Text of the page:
There are two ways that we read the Bible in context. First, there is the literary context. Typically you don't start a book in the middle, because each word, paragraph, and chapter all add up to something important. When you read a passage of Scripture, you have to keep in mind what came before in the chapter, in that particular book of the Bible, or maybe even what happened in a previous book. For example, it may be easier to understand what is happening in the books written by the prophets because you've read through 1 and 2 Kings beforehand. Or maybe you're able to pick up on specific themes in Paul's letters in the New Testament because you can recall details from reading through the Book of Acts.

Second, consider the historical and cultural context of the scripture you're reading through. The historical context of the Bible is informed both by the original authors and the original audience. When you're reading Genesis, you're reading from Moses's point-of-view as he led the Israelites through the wilderness on the way to the promised land. So an important question to ask might be "What is Moses, through the inspiration of the Holy Spirit, trying to teach the Israelites about Creation, Abraham, and the Patriarchs?"

Cultural context goes right along with historical context. Take any of the stories from the four Gospels that talk about a Samaritan person. Knowing the racial and cultural divisions between the Israelites and the Samaritans will add to your understanding when you read, for example, about Jesus and the Samaritan woman.

If you have been looking for a way to dive deeper into your personal Bible study, there are resources and personal recommendations from some of our staff on the following page. An important point to keep in mind: don’t let a Christian book or devotional replace Bible reading.  We need to study the Scripture as it is God’s Word.  Other resources should always be in addition, never as a replacement.

There is a vast array of resources out there, from podcasts to Bible apps to videos, that will help you dive deeper and grow in your understanding of Scripture. I'll give you two of my personal favorites. I use the First5 app, put out by Proverbs 31 Ministries, as a Bible reading calendar and devotional. The second is for you visual learners out there. The Bible Project produces short, animated videos that give an overview of individual books, as well as other broad topics about the Bible. You can find their videos on Youtube or through the church's account with RightNow Media.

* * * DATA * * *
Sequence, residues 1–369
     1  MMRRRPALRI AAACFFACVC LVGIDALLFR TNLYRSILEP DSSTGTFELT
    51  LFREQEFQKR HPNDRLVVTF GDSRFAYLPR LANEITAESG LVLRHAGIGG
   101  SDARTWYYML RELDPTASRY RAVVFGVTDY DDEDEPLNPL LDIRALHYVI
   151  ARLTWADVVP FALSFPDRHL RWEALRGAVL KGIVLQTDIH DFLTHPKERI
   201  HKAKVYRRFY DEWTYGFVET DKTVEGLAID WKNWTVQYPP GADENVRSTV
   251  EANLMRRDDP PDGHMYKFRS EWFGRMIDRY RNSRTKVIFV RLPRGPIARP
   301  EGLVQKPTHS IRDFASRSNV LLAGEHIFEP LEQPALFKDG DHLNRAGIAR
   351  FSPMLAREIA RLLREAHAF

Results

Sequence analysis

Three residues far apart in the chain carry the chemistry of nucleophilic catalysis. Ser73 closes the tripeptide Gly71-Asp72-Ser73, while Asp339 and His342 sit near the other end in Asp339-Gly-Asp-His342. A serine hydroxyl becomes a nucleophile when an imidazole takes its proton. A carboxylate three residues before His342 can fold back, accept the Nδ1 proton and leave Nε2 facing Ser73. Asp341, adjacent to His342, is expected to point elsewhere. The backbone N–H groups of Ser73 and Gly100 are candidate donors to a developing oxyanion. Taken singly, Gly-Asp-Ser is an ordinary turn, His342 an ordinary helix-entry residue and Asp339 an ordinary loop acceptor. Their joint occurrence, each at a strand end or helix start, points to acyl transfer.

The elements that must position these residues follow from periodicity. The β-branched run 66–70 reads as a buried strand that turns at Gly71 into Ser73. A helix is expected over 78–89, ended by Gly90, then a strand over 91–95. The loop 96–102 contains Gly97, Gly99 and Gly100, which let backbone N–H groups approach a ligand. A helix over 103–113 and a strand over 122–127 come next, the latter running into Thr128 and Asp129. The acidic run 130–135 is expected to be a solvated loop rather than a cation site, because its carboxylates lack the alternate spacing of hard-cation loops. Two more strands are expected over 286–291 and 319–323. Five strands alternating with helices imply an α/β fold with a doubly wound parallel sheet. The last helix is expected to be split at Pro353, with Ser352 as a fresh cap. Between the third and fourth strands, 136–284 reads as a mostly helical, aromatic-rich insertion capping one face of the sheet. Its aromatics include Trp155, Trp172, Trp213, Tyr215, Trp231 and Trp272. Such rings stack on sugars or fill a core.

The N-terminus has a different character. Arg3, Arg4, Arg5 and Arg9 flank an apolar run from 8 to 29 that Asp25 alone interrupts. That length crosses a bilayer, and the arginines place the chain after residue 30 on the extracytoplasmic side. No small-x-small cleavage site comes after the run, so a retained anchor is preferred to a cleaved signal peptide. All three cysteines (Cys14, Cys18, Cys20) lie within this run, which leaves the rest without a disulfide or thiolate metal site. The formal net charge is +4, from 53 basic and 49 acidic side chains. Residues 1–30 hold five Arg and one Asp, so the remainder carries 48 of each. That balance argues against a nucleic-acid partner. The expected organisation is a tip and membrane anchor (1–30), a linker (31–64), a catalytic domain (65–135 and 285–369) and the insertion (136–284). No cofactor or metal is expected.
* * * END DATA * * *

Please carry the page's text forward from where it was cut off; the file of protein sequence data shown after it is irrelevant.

If you will come to your quiet time with a mind and heart open to the teaching of the Holy Spirit, with sensitivity to the Bible's literary and historical contexts, and always seeing Jesus as the point of the entire narrative, I believe you can and will grow as faithful readers of God's Word. 

Chip Stevens, Senior Pastor

For me, I like to do my Bible reading one of two ways:

A chapter at a time through a book of the Bible

A character study. You decide on a person that you want to read about, like Abraham, and you begin at the first mention of him in the Bible and, a chapter at a time, read all the way until his death.  When doing that, I am trying to put myself in the person’s shoes and looking for how he/she interacts with God and for how God shapes that person throughout his/her life. I like to write down one verse that stood out to me from my reading and ponder it.  My response to how God speaks to me through that verse will guide my prayer.  

Sometimes, I like to read another Christian book to compliment my reading.  Right now, I’m reading Owen Strachan’s devotional book, Always in God’s Hands: Day by Day in the Company of Jonathan Edwards. The D-Group book, Growing Up, available in the Cove is also a great resource to begin the journey!

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Charity Gwaltney, Director of Preschool Ministry